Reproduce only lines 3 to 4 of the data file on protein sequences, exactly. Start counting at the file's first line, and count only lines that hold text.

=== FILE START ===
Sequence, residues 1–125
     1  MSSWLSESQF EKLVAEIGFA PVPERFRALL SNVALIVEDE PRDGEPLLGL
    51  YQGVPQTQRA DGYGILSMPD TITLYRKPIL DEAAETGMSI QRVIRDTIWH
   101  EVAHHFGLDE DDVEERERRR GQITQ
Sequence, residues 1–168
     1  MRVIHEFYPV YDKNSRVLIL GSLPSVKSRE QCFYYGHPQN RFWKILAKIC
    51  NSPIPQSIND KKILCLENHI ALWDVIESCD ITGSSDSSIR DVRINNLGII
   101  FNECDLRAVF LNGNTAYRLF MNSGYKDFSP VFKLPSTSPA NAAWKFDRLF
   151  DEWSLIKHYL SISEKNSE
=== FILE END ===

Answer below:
    51  YQGVPQTQRA DGYGILSMPD TITLYRKPIL DEAAETGMSI QRVIRDTIWH
   101  EVAHHFGLDE DDVEERERRR GQITQ